St. Paul's Episcopal Church Poughkeepsie, NY 12601
"Making friends while serving God"
The Week of May 4-10, 2021

For this week's meditation I am going to default to the reading from this week's Gospel. Jesus is talking about love and what true love is. His words are much better than anything that I could write about.

Love you all!

“This is my commandment, that you love one another as I have loved you. No one has greater love than this, to lay down one’s life for one’s friends. You are my friends if you do what I command you. I do not call you servants any longer, because the servant does not know what the master is doing; but I have called you friends, because I have made known to you everything that I have heard from my Father. You did not choose me but I chose you. And I appointed you to go and bear fruit, fruit that will last, so that the Father will give you whatever you ask him in my name. I am giving you these commands so that you may love one another.”

--Shawn Prater-Lee
To be redirected to the Lectionary Page and get a digital copy of the readings 
Acts 10:44-48; Psalm 98; 1 John 5:1-6;
  John 15:9-17

The Sunday Sermon

Acts 8:26-40

His name was Robinson Obasi Okyere. He was from Nigeria and he was in the seminary with me. You always knew when he was around because of his laugh. It was so high pitched that many of us were concerned that his laughter might cause glass to shatter. And I used to love to hear him talk. His lyric tones reminded me of a West Indian accent with which, because of my family, I am quite familiar. I think Robinson was genuinely appreciated by most of my fellow seminarians, but because of cultural differences and regrettably I need to add because of the color of his skin, there were some who had a problem engaging him.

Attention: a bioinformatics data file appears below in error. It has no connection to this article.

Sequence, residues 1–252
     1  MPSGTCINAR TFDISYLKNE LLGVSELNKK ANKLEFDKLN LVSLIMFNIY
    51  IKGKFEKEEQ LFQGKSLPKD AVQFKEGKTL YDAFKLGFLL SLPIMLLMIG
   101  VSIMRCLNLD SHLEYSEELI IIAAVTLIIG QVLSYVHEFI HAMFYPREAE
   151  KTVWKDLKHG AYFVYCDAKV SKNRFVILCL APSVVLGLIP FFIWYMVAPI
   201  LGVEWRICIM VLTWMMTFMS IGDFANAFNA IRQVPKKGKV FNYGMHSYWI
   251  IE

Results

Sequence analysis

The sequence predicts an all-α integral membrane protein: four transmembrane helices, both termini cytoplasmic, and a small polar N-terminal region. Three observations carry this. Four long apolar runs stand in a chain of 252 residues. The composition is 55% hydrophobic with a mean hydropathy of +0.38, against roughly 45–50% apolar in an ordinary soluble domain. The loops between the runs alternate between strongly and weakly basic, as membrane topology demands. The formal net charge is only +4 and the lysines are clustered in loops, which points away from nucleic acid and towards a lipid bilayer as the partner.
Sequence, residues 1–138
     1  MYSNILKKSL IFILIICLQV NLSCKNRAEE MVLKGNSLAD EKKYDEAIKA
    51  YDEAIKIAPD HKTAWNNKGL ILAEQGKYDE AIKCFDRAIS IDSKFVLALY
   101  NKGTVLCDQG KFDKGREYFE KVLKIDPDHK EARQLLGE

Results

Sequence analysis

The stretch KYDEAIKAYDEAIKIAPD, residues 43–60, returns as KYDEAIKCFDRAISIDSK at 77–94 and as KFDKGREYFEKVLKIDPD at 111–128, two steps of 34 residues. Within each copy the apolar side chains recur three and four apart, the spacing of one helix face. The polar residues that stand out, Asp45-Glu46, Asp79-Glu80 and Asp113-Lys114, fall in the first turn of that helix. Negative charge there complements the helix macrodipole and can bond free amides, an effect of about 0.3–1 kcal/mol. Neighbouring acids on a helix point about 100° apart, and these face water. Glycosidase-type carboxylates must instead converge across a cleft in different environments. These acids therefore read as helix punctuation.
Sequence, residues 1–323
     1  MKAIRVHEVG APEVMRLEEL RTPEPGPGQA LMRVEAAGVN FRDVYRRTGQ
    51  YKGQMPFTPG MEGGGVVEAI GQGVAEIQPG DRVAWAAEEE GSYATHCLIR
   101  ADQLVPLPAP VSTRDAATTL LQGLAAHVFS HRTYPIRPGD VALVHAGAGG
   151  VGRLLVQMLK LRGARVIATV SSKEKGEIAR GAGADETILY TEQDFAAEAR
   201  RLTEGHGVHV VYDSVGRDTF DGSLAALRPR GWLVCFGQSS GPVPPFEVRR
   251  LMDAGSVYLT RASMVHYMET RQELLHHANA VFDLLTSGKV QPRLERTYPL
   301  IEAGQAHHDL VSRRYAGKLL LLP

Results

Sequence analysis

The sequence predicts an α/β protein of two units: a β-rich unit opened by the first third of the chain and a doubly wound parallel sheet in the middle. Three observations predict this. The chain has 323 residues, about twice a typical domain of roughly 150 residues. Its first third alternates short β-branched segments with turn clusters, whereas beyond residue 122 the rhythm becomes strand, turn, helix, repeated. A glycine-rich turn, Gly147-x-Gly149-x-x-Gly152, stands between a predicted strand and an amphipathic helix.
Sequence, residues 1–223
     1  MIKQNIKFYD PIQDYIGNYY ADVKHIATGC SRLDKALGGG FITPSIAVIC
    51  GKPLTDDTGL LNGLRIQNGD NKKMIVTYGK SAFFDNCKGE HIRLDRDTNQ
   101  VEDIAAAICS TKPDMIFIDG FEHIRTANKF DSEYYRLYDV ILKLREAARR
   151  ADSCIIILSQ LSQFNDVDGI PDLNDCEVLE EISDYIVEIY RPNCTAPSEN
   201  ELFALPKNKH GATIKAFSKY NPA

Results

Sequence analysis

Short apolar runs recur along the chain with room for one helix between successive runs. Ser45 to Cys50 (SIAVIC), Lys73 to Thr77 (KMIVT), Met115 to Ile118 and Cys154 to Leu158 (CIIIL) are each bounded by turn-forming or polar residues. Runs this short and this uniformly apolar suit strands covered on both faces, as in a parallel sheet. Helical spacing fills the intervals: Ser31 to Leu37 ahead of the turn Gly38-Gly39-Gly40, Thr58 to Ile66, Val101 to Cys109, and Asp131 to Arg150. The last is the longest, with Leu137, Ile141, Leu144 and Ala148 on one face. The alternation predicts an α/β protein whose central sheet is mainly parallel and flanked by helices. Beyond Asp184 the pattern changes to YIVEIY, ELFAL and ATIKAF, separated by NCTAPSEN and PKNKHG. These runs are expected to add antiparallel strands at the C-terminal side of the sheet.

The relationship between my fellow seminarians and Robinson Obasi Okyere was probably not that different than the brief relationship that existed between Philip and the Ethiopian eunuch in this morning’s first lesson. Philip was one of the original deacons of the Early Church who had been quite successful in his task of sharing the gospel of Christ in the region of Samaria. The eunuch was a foreigner, who Philip, a Palestinian Jewish Christian, might have found interesting on some levels, but culturally because he was different he probably engaged him with some uneasiness.

We don’t know the man’s name, but we do know that he was the chief treasurer for Candace, the Queen of the Ethiopians. We also know that he was wealthy, educated, and that he traveled by chariot in relative elegance and comfort. We can also assume that he probably became a eunuch during his childhood. You see, this barbaric procedure was a primitive method of behavior modification for males who were to serve in the queen’s court. I’ll let you read between those lines. You may also recall it was a custom that was practiced in the middle ages enabling boy sopranos who sang in choir to continue as sopranos in adulthood. During that period women were not permitted to sing publicly, but someone had to sing the soprano line for the choral music that was being written during that time.

Despite the treasurer’s wealth, education and influence, Scripture implies that he was seeking something, something spiritual that might make him whole. But because of his eunuch status, when in his search he came to Jerusalem to worship Israel’s God, he was not permitted to enter the main portion of the temple. He was not permitted to recite the prayers. He was not permitted to hear the reading of the Torah; he could not be a member of the worshipping community. He was made to remain in the outer courts.